Comparative study

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Comparative study

  1. 1. Comparative andNon-comparative study<br />Done by: AbeerALMaawali 82910<br />AmalALHosni 82931<br />
  2. 2. Comparative study<br />Link:  http://tiny.cc/9gyvr<br />Title: “A case study of the in-class use of a video game for teaching high school history”<br />Purpose: The purpose of this study was to understand teacher and student experiences with and perspectives on the in-class use of an educational video game.<br />
  3. 3. Comparative study<br />Instruments: Observation, focus group and individual interviews, and document analysis.<br />Participants: Four of the teacher’s classes were observed, each composed of approximately 25 students, with a total of 98.<br />
  4. 4. Comparative study<br />Findings:<br /><ul><li>Results showed that the use of the video game resulted in a shift from a traditional teacher-centered learning environment to a student-centered environment where the students were much more active and engaged.
  5. 5. Also, the teacher had evolved implementation strategies based on his past experiences using the game to maximize the focus on learning.</li></li></ul><li> Non-comparative study<br />Link:  http://tiny.cc/1dq79<br />Title: “The impact of individual differences on e-learning system satisfaction: A contingency approach”<br />Purpose: This study investigated the impact of contingent variables on the relationship between four predictors and students’ satisfaction with e-learning.<br />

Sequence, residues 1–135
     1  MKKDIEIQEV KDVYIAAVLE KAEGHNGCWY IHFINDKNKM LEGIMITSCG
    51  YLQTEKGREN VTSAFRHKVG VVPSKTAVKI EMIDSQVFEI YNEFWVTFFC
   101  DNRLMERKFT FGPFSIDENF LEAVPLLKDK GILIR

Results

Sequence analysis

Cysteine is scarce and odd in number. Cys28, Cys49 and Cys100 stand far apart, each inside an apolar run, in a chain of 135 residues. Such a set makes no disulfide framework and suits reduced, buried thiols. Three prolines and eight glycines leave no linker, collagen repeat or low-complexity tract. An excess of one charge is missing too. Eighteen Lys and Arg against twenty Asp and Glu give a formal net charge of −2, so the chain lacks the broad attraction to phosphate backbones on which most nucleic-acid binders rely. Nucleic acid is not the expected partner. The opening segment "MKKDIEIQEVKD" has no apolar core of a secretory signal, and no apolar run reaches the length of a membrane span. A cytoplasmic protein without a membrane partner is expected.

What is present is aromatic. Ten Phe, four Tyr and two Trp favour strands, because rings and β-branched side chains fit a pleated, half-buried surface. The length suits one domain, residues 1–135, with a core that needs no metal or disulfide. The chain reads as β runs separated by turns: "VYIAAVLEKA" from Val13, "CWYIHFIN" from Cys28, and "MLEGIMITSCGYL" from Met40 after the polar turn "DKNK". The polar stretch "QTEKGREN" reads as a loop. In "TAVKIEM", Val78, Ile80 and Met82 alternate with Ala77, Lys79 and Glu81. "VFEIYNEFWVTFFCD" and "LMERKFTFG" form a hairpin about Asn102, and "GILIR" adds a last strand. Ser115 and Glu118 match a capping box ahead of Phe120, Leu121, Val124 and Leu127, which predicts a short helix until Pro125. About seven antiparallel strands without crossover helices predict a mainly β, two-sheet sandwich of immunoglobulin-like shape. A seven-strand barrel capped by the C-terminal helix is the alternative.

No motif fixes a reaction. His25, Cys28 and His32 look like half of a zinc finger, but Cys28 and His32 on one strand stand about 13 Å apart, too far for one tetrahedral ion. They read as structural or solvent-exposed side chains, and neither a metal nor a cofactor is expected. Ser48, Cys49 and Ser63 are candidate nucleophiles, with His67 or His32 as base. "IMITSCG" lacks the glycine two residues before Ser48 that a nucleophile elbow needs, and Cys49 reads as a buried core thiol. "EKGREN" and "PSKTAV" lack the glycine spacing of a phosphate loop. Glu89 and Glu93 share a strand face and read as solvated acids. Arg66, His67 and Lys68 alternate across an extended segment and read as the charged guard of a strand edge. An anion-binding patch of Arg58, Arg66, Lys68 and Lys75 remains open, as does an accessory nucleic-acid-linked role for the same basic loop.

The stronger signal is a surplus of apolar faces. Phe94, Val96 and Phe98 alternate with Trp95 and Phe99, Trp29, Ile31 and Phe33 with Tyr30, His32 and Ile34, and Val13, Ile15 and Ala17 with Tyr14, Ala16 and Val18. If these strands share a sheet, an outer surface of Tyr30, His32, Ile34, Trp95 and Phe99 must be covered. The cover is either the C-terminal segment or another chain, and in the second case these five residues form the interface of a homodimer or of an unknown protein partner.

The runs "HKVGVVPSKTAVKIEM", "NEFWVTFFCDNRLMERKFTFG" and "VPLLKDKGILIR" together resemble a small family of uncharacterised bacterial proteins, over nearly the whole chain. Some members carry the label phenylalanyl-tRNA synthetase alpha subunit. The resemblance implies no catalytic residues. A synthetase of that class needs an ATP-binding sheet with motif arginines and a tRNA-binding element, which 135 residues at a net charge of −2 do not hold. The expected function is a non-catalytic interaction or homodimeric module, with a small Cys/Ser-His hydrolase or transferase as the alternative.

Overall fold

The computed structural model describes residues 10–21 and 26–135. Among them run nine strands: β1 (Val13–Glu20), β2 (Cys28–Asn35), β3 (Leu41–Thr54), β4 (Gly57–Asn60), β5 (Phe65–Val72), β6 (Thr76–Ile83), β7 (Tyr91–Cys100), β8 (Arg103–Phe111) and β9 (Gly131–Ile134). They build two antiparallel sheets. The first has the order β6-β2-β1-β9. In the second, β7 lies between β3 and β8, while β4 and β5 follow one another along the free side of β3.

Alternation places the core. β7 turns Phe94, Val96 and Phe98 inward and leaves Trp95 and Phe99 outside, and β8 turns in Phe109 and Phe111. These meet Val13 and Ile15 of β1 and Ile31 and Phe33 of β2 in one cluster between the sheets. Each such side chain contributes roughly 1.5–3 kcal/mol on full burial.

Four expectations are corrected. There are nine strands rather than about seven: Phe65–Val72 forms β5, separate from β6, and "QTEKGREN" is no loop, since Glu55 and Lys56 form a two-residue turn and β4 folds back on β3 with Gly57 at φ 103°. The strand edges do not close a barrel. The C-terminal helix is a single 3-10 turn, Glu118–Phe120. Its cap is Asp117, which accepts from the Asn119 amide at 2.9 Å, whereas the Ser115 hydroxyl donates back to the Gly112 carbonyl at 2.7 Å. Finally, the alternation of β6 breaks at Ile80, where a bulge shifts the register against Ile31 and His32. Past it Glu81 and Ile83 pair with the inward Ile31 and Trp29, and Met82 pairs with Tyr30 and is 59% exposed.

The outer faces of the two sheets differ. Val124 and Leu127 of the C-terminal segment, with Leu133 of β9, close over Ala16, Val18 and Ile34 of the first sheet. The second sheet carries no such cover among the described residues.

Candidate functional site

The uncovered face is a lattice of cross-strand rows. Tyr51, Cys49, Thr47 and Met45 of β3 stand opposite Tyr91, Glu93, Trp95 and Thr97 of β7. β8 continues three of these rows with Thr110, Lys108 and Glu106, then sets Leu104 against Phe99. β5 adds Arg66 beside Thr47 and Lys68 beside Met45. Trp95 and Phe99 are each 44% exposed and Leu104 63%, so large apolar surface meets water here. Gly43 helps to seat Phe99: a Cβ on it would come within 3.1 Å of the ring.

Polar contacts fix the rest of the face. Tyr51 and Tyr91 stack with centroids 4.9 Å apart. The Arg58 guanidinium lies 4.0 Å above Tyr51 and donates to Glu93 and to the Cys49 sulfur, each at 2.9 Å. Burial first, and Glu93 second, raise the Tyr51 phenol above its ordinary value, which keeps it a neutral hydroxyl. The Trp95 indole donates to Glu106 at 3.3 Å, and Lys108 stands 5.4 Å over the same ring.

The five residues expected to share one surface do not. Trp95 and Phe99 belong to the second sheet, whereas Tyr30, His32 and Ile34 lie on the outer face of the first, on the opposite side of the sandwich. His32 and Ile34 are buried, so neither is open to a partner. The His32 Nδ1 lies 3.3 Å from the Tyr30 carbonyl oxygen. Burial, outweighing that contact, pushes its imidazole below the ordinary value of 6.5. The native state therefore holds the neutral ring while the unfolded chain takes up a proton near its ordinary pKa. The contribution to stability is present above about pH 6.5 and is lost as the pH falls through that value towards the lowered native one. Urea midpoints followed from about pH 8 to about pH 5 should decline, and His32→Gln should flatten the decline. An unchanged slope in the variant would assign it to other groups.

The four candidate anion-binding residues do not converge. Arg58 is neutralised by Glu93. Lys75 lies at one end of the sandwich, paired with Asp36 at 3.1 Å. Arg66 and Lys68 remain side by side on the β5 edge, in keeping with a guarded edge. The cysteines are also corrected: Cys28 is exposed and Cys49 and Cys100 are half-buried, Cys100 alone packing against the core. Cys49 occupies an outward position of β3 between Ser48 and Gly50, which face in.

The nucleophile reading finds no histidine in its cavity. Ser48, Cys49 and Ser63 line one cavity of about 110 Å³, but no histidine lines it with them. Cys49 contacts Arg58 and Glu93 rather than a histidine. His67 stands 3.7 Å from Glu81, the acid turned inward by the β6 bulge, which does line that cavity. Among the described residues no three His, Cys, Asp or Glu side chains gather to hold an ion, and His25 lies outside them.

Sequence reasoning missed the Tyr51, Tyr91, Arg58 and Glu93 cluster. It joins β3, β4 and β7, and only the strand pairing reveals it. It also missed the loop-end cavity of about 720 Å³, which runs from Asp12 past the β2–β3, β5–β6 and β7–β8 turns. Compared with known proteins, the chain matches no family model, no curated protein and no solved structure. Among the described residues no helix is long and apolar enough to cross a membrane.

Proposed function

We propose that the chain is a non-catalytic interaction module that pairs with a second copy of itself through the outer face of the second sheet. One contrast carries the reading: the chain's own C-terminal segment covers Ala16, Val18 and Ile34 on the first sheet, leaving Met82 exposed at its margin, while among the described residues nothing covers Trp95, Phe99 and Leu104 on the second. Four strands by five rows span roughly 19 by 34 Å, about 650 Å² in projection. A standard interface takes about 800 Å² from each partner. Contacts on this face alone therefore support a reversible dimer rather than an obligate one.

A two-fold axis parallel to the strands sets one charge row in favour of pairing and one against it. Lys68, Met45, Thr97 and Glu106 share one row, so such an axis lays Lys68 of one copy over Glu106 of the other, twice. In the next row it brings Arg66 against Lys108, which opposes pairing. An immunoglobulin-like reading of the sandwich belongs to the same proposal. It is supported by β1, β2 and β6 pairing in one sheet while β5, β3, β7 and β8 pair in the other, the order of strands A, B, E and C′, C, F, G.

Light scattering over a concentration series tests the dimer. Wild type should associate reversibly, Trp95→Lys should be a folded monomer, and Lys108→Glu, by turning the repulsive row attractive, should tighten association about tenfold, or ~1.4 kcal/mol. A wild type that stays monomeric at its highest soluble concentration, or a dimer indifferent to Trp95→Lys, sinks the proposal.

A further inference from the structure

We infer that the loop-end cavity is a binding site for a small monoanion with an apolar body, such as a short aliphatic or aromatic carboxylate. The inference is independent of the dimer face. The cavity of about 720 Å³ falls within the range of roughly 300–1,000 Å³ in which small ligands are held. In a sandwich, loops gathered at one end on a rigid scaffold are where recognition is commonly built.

6. 6. Non-comparative study<br />Instruments: A survey questionnaire.<br />Participants: 522 university students from 10 intact classes engaging in online instruction were asked to answer questionnaires about their learning styles, perceptions of the quality of the proposed predictors and satisfaction with e-learning systems.<br />
  7. 7. Non-comparative study<br />Findings:<br /><ul><li>Resultsshowed that two contingent variables, gender and job status, significantly influenced the perceptions of predictors and students’ satisfaction with the e-learning system.
  8. 8. This study also found a statistically significant moderating effect of two contingent variables, student job status and learning styles, on the relationship between predictors and e-learning system satisfaction.</li>

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